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HomeDigital AssetsSeven crypto exchanges pull out of license race in Hong Kong
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Seven crypto exchanges pull out of license race in Hong Kong

On May 13, crypto exchanges IBTCEX and QuanXLab withdrew their applications, initially filed in February 2024. The next day, Huobi HK, a crypto exchange with links to HTX, also withdrew its application.

According to the SFC, seven crypto exchanges have withdrawn their Hong Kong license applications in 2024. The reasons behind these withdrawals were not disclosed on the SFC’s website. All cryptocurrency exchanges that have not applied for a license must cease operations in Hong Kong by May 31.

Currently, 21 crypto exchanges are lined up for a Hong Kong’s VATP licence, including global players such as Bybit, Crypto.com, Matrixport HK, HKX, and OKX. The most recent application was submitted by Bitcoin World Technology Limited on behalf of the “bitcoinworld” crypto exchange on May 17.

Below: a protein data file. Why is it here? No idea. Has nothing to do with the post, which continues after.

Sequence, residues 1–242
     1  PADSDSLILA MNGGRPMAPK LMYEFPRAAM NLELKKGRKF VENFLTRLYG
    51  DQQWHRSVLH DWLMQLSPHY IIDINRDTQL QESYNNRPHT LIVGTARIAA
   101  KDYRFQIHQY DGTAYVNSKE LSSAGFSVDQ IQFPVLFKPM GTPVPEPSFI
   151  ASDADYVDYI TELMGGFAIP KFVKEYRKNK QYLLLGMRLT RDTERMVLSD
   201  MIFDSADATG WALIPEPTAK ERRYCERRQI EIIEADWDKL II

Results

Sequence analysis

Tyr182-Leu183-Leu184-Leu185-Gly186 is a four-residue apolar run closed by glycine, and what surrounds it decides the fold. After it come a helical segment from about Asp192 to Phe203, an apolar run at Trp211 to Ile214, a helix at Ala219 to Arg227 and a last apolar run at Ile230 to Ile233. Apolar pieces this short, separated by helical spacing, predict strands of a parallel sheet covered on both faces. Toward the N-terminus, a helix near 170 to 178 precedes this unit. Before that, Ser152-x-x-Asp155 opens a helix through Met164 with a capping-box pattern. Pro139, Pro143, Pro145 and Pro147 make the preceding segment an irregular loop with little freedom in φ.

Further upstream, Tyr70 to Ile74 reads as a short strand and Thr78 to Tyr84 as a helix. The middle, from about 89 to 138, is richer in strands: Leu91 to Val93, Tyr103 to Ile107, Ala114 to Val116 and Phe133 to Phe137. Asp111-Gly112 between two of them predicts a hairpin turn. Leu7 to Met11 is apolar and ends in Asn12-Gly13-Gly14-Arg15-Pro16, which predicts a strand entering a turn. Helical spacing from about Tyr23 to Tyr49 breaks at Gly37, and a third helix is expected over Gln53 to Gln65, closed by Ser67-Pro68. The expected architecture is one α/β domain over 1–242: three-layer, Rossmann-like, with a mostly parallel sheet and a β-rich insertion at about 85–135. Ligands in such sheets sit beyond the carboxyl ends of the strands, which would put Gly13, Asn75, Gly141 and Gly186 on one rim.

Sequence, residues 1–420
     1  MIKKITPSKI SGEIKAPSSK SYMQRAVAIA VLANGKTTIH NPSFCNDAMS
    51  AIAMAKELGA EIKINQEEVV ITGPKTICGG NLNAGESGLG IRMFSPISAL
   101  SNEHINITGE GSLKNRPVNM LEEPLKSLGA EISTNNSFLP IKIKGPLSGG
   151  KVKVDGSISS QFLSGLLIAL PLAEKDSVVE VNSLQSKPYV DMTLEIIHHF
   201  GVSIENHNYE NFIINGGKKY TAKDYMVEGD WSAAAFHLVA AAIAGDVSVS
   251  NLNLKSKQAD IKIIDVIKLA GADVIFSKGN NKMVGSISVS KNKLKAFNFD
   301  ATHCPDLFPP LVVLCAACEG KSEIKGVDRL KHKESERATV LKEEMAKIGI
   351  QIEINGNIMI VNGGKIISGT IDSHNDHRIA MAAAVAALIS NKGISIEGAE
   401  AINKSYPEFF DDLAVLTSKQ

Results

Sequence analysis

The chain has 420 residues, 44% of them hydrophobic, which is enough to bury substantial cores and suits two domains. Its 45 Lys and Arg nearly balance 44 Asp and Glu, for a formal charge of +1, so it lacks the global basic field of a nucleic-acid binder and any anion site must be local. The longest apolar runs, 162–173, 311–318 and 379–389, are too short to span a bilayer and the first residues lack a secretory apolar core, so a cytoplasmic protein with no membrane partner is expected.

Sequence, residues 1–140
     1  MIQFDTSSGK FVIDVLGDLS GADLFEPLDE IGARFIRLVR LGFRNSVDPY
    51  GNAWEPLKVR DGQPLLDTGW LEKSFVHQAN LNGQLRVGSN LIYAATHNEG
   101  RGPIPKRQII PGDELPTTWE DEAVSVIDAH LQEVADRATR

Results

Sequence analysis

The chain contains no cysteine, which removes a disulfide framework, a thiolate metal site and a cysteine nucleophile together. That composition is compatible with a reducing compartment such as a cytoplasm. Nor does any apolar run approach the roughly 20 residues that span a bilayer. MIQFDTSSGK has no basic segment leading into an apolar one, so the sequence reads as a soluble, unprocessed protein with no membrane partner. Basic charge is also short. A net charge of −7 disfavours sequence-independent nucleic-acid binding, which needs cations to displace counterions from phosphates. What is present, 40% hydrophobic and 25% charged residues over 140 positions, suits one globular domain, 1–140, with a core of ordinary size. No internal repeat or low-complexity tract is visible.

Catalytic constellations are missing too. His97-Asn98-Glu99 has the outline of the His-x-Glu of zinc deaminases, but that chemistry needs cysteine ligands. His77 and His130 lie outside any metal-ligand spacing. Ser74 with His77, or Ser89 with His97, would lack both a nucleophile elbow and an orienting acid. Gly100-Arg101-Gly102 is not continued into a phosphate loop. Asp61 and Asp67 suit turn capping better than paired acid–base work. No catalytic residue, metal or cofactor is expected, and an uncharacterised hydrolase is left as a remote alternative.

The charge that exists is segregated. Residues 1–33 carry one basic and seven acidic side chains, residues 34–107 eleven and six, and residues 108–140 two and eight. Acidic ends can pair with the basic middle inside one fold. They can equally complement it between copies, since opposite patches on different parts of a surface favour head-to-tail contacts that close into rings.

Under Hong Kong’s new virtual asset regime, the SFC may issue a notice to a firm if it does not qualify for a “deeming arrangement,” which allows a platform to be considered licensed from June 1 while it awaits full approval. Firms that do not qualify must shut down by May 31 or within three months of being notified by the SFC, whichever is later.

Hong Kong adopts digital yuan

The Hong Kong Monetary Authority (HKMA) recently launched a pilot program for the digital yuan (e-CNY), marking the first deployment of the central bank digital currency (CBDC) outside of mainland China.

Hong Kong residents now only need their mobile phone number to create an e-CNY wallet, which can enable cross-border payments but is currently not available for person-to-person transactions. The pilot program will allow residents to conduct transactions from their digital yuan wallets, which can be topped up through 17 retail banks using the Faster Payment System (FPS).

Eddie Yue, the chief executive of the HKMA, stated that the e-CNY application and wallet will gradually gain more functionality as the HKMA and the People’s Bank of China (PBoC) work on facilitating more retail merchant adoption.

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